On appeal from: [2016] CSIH 16

This appeal considered whether the five year prescriptive period under the Prescription and Limitation (Scotland) Act 1973, s 6, begins to run on the date on which a creditor becomes aware that he has incurred a financial loss, or whether he must also be aware that such a cost may constitute ‘loss’ or ‘damage’.

The Supreme Court unanimously dismissed the appeal. The Court held that the  phrase “loss, injury or damage” must be interpreted consistently throughout s 11 of the 1973 Act, and therefore that it follows that s 11(3) does not postpone the start of the prescriptive period until a creditor of an obligation is aware, actually or constructively, that he or she has suffered a detriment in the sense that something has gone awry which renders the creditor poorer or otherwise at a disadvantage. The Supreme Court recognised that, though this approach may be harsh to a creditor, the alternative would create uncertainty and a requirement for awareness of a head of loss would involve knowledge of the factual cause of the loss.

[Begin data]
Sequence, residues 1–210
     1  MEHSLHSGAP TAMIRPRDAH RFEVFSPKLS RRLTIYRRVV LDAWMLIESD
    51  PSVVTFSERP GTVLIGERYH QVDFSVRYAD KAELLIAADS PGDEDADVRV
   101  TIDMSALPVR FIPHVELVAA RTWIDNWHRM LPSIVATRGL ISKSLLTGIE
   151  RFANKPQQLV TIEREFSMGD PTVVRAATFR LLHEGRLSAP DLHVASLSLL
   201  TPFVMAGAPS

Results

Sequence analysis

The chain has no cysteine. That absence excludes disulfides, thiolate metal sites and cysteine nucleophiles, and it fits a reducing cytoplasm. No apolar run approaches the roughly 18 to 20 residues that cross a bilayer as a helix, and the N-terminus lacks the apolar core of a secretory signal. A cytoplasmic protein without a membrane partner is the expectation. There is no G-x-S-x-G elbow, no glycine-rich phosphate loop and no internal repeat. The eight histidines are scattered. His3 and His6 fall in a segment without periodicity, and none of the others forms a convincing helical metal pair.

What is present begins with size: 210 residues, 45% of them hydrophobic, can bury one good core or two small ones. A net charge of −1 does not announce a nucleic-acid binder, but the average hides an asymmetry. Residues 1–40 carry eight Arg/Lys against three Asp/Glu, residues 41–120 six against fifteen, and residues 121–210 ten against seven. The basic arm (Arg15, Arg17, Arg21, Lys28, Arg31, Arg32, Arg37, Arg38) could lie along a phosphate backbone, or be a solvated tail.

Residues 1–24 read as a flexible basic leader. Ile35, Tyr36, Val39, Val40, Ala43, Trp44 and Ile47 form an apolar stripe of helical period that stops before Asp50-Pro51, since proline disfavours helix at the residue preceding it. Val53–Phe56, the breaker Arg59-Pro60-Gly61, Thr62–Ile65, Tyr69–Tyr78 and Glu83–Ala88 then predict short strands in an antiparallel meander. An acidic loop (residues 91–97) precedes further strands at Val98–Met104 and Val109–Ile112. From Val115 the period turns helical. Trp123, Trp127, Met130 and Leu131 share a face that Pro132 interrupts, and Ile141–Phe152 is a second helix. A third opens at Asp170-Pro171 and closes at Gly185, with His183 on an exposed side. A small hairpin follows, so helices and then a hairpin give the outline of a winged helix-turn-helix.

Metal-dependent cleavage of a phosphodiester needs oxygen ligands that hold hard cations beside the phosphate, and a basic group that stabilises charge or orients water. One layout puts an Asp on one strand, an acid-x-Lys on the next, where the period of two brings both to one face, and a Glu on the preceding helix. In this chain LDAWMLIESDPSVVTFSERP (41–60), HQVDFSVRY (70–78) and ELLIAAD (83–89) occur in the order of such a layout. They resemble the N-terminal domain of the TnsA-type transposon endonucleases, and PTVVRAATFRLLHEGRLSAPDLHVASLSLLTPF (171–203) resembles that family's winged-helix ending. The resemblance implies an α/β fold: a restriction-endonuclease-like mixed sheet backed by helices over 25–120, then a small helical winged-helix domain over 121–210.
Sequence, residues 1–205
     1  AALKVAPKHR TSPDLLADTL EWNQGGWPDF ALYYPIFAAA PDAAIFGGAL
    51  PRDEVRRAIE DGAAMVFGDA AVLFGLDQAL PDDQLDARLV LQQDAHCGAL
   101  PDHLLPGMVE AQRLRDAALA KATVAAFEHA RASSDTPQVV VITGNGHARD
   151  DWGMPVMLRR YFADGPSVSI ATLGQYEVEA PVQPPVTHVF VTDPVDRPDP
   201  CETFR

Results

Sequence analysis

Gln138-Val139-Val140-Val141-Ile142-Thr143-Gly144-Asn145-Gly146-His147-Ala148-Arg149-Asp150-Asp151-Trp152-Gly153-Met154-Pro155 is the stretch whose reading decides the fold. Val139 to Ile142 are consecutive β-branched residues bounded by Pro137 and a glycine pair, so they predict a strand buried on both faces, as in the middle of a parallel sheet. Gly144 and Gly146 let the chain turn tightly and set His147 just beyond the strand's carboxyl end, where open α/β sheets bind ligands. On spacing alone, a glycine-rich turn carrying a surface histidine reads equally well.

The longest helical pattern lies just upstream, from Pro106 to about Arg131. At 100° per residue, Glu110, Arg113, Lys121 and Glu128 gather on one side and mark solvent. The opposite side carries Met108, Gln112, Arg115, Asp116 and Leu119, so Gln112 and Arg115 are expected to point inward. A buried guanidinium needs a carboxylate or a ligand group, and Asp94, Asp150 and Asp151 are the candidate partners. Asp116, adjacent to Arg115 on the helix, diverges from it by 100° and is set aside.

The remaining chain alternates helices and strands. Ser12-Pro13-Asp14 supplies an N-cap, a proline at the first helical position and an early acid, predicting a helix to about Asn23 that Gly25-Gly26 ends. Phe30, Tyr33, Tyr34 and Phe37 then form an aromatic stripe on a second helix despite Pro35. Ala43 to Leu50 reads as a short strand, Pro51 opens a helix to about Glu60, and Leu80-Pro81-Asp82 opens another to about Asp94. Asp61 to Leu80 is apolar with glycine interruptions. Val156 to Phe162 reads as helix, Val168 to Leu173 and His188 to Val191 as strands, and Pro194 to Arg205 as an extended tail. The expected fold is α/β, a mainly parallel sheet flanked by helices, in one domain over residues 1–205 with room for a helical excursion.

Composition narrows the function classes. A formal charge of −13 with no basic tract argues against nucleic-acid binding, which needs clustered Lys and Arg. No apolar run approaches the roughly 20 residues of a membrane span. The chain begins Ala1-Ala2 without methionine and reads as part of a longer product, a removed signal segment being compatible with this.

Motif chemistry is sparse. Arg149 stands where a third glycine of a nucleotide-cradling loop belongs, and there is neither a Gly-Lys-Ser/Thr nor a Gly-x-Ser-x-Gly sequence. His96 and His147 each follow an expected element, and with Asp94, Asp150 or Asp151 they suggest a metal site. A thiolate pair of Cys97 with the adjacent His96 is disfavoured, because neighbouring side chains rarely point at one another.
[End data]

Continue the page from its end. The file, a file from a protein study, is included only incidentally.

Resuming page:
The Supreme Court did note that there are live proposals for law reform. Following a Scottish Law Commission report, the First Minister of Scotland announced on 5 Sep 2017 that the Scottish Government intended to bring forward a Bill to reform the law of prescription in Scotland. It will be for the Scottish Parliament to decide whether the Commission’s proposals for reform of the discoverability test in s 11(3) of the 1973 Act should be adopted.

For judgment, please download: [2017] UKSC 75
For Court’s Press Summary, please download: Court’s Press Summary
For a non-PDF version of the judgment, please visit: BAILII

To watch the hearing, please visit: Supreme Court Website (19 Jul 2017 morning session)